Wednesday, January 18, 2012


The essence of Dungeons & Dragons, the core that makes me say that "this is D&D", and what makes D&D the only mainstream tabletop roleplaying game is the keep it simple mantra (officially known as Keep It Simple, Stupid or KISS). The topic of K.I.S.S. and D&D is too long for a single comment so I will return to this idea in future posts as well. You have been warned.

There are myriads ways in which D&D keeps the rules of the game simple in order to facilitate game play quickly and easily. Dungeons & Dragons game mechanics are necessarily an abstraction of the reality they're trying to describe so that they can "keep it simple". D&D rules describe a world that is a mix of the normal, physical reality in which we live and a magical realm of fantasy fiction.

Armor Class (AC) is a reduction of complexity that combines a character's ability to dodge attacks, deflect blows, and absorb hits into a single number. This is an area where D&D has gotten more efficient over time. Current armor class mechanics are much simpler than the THAC0 rules of Advanced Dungeons & Dragons. It doesn't matter whether you're aiming for the head or the heart. You don't have consult a hit location chart to determine whether your character got hit on the hand or the head.

Combat in D&D is faster, simpler, and easier to judge because the core rule consists of a single roll of one die (a 20-sided die or d20) against a static target number (the defending character's AC). You don't have to count the number of dice you get to roll. You don't have to count the number of successes you achieved. You don't have to wait for the defender to roll dice or compare your dice with their results. You don't have to consult a chart to determine the outcome of your attack and the probability that you'll hit a given AC is easy to calculate.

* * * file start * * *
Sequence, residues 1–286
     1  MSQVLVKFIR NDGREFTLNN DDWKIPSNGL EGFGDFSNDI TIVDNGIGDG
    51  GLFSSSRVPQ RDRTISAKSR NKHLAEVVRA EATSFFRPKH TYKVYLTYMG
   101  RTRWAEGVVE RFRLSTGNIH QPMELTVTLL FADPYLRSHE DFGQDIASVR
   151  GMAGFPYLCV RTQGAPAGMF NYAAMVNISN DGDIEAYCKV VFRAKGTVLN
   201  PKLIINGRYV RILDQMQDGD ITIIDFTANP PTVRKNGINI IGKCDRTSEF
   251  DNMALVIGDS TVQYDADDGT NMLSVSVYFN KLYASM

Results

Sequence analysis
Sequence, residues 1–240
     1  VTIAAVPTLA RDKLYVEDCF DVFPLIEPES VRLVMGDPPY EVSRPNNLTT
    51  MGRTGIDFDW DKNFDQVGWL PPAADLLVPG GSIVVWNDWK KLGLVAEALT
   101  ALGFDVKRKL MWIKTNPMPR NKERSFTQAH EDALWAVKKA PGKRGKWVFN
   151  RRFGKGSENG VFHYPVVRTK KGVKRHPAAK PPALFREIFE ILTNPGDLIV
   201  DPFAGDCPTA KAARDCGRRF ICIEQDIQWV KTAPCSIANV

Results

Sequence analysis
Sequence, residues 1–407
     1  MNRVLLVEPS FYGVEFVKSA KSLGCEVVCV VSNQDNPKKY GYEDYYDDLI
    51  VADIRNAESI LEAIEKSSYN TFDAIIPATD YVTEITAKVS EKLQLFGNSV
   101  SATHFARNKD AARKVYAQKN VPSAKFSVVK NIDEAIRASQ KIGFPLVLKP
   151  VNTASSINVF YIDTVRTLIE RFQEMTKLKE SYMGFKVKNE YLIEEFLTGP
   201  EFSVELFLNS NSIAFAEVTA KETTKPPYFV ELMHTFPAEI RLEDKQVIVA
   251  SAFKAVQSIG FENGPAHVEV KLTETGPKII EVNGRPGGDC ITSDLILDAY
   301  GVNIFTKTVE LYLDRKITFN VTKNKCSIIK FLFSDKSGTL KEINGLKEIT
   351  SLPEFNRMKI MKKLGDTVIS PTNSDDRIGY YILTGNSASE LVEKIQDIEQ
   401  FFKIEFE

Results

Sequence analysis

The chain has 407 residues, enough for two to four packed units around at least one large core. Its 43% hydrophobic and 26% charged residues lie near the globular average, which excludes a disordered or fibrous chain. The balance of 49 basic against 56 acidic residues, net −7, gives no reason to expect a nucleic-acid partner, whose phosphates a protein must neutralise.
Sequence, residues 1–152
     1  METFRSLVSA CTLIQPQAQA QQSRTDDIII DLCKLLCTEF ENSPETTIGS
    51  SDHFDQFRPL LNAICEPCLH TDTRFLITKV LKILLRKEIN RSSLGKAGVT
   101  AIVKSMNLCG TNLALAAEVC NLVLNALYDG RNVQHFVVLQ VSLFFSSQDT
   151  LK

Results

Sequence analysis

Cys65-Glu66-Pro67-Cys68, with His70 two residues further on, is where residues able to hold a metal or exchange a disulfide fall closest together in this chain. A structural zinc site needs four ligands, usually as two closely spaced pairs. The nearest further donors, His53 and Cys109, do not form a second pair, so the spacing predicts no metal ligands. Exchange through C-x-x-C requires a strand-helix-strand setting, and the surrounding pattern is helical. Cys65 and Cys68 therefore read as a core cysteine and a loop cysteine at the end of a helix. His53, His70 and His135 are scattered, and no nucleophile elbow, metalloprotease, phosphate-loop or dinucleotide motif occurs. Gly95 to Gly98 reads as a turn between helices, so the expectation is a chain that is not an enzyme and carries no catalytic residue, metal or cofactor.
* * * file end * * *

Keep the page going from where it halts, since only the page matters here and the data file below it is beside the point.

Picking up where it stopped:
Character classes simplify the complex job of building a person, from a collection of mechanics, down to picking a hero archetype. Once you pick a class you've greatly reduced the number of decisions required to finish your character. D&D has fared better in some of its editions than others when it comes to keeping classes simple enough to meet the K.I.S.S. requirement. Dungeons & Dragons has succeeded because it doesn't use a point-buy character creation system or even the categorized decisions of a game like Vampire: the Masquerade.

I don't want to dismiss complexity. There is a proper place for complexity and amount of it that D&D needs which I'll address in more detail at a later date.


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